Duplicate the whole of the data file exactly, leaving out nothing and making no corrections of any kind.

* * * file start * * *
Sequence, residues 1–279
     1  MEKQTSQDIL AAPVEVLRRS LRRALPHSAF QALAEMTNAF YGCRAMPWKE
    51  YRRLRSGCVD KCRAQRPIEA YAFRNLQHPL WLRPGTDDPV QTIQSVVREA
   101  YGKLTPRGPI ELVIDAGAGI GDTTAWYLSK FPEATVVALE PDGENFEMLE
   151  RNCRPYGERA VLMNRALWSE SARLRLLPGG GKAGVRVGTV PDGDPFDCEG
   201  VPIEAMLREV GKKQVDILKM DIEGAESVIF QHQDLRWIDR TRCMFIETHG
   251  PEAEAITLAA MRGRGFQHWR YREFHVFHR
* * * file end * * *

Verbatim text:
Sequence, residues 1–279
     1  MEKQTSQDIL AAPVEVLRRS LRRALPHSAF QALAEMTNAF YGCRAMPWKE
    51  YRRLRSGCVD KCRAQRPIEA YAFRNLQHPL WLRPGTDDPV QTIQSVVREA
   101  YGKLTPRGPI ELVIDAGAGI GDTTAWYLSK FPEATVVALE PDGENFEMLE
   151  RNCRPYGERA VLMNRALWSE SARLRLLPGG GKAGVRVGTV PDGDPFDCEG
   201  VPIEAMLREV GKKQVDILKM DIEGAESVIF QHQDLRWIDR TRCMFIETHG
   251  PEAEAITLAA MRGRGFQHWR YREFHVFHR